When we take care of bees and other pollinators we take care of's not difficult to see that if our goal is to protect our food supply we should be doing everything possible to protect the species that make that supply possible, not poison them. Marlon Reis
First Gentleman of Colorado
First Gentleman of Colorado Marlon Reis

Caring for pollinators at home and statewide

Ann Zelnio, master organic gardener, beekeeper, and team member at Harlequin’s Gardens, is on a mission to educate people on bee-friendly gardening and hidden sources of pesticides in gardening that are toxic to pollinators.

Ann explained that too often plants purchased from big box stores and grocery stores and even some smaller nurseries in Colorado are completely saturated with pesticides. Systemic chemicals, like neonicotinoids especially, are taken up by every single tissue of the plant so naturally they’re found in the pollen in the nectar of flowers.

Ann focused on neonicotinoids because they are particularly bad for bees. They either outright kill the bees or they cause nerve damage to the bee so they’re unable to navigate, unable to eat, unable to resist the diseases that they naturally should be able to resist.

So it's like the perfect scenario for bee bait when we buy these plants that bees think are gorgeous, they're attracted to them to get their pollen and to get their nectar but it just poisons them and that’s the problem with these systemic insecticides. Ann Zelnio
Team Member, Harlequin's Gardens

There are ways to have pollinator-friendly gardens without the neonics.

For example, Harlequin’s Gardens which is a small, locally and family-owned business in North Boulder operates organically by and large, with no neonicotinoids and no synthetic chemicals used.

Harlequin’s also shared many other simple pollinator-friendly gardening tips, such as to

  • Ensure plants have different blooming seasons so there is bee food for several month
  • Plant like colored plants in patches to make it easier for bees to spot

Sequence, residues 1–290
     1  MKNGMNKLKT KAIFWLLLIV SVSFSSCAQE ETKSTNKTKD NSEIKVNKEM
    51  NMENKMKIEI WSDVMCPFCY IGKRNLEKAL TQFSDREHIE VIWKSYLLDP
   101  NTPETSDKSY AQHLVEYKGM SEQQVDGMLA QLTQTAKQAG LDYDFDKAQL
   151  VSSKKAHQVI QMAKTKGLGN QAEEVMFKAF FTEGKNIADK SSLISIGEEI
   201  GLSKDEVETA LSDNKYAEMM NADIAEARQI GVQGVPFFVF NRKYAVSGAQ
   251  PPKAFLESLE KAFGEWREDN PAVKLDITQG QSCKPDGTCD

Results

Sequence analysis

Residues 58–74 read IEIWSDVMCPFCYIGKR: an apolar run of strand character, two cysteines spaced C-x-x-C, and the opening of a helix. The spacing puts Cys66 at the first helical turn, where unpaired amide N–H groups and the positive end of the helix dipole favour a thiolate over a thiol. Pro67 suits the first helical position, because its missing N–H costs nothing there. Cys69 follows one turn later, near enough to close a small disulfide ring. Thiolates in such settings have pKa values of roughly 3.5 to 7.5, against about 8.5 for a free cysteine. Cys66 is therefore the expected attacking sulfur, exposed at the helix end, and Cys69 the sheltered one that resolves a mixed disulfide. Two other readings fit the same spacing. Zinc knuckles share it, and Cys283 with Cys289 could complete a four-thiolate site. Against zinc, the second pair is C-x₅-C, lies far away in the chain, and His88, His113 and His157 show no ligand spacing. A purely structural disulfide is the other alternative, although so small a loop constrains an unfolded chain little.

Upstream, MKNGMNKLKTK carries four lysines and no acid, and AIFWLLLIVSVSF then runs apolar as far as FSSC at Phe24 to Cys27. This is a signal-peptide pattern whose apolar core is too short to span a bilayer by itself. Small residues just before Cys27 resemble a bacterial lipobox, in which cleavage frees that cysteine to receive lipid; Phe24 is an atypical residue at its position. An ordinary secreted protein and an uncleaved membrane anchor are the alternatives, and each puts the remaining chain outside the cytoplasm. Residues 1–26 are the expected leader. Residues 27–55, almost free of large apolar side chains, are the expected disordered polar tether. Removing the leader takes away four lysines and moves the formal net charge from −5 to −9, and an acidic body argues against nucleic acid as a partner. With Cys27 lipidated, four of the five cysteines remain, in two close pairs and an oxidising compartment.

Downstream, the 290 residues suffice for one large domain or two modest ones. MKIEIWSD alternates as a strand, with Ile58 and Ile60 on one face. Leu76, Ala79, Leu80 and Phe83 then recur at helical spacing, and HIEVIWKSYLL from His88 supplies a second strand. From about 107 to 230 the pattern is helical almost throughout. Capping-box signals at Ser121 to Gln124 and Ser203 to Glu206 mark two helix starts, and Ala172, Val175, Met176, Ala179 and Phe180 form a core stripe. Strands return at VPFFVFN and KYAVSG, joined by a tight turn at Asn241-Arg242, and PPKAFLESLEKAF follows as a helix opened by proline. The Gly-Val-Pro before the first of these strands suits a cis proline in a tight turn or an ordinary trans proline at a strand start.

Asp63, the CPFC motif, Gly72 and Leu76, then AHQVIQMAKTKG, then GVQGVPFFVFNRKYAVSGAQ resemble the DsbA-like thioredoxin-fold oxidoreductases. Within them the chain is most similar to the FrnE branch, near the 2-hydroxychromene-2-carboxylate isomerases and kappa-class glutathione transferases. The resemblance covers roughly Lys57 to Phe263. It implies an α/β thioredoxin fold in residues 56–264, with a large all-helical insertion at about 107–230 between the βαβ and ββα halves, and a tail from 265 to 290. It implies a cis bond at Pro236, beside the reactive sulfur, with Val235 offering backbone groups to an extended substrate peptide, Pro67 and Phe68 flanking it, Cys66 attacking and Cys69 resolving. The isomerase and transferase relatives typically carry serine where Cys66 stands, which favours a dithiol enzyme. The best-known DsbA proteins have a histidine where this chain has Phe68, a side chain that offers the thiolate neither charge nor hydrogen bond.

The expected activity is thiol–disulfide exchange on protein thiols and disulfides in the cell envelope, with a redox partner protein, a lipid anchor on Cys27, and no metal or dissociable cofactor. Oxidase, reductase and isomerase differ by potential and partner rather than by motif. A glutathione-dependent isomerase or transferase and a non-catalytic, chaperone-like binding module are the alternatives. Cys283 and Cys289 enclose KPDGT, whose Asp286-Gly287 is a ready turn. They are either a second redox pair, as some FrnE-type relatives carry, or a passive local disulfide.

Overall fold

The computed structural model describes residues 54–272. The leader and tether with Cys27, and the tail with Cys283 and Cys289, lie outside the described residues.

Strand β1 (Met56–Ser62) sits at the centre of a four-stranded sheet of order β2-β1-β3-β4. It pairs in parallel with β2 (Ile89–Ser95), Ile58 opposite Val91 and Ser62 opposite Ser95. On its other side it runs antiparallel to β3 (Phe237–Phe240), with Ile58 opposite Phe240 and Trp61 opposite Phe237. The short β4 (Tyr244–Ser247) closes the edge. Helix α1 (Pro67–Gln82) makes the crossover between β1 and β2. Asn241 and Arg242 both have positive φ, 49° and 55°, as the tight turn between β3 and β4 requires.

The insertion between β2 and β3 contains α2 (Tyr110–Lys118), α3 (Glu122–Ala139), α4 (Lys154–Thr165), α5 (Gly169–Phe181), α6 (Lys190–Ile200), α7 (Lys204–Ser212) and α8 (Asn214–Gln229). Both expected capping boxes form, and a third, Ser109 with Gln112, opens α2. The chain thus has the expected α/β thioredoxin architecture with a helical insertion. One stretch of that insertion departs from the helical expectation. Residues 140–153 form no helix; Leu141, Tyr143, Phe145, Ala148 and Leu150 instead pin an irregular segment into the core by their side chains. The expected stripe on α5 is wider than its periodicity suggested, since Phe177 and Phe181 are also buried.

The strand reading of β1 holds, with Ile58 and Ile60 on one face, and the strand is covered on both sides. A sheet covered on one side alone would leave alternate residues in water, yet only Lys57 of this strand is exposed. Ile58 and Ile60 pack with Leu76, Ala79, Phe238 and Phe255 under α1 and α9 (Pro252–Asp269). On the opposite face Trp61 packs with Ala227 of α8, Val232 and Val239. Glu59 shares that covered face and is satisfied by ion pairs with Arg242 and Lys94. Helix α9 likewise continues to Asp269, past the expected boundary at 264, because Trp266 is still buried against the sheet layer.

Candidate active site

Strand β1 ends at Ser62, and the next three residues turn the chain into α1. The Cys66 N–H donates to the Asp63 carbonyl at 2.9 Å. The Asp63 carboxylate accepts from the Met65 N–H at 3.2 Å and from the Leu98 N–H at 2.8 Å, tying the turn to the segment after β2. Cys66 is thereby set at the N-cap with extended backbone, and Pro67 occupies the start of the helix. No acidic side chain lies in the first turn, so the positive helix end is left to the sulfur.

• Add a source of drinking water for pollinators to your garden like bee puddlers and bird baths with stones in it to land on
  • Providing shelter for native bees like fallen leaves, logs, and bare ground for burrowing

You can also purchase Environment America’s Bee Friendly Garden Kit.

It’s hard to know if you are using neonics. There’s no simple labels. There are eight pesticides that make up the class of neonicotinoids (imidacloprid, thiamethoxam, clothianidin, thiacloprid, dinotefuran, acetamiprid, nitenpyram, and sulfoxaflor).

Given how dangerous they are for our pollinators, what we need to do is reduce their use and access to them.

Everyday consumers and gardeners shouldn’t have to worry about unintentionally poisoning pollinators. We need to remove these bee-killing neonic pesticides and plants saturated in them from our store shelves altogether. Natalie Woodland
Save the Bees Advocate, Environment Colorado

Take Action

2023 is the year the legislature should act to Save the Bees.

Sign our Save the Bees petition, to go beyond your yard, to make sure that your community, and the state is safe from bee-killing neonics, by calling on state leaders for a bill that eliminates the consumer sale and use of bee-killing neonic pesticides.


Ellen Montgomery

Director, Public Lands Campaign, Environment America

Ellen runs campaigns to protect America's beautiful places, from local beachfronts to remote mountain peaks. Prior to her current role, Ellen worked as the organizing director for Environment America’s Climate Defenders campaign. Ellen lives in Denver, where she likes to hike in Colorado's mountains.

Find Out More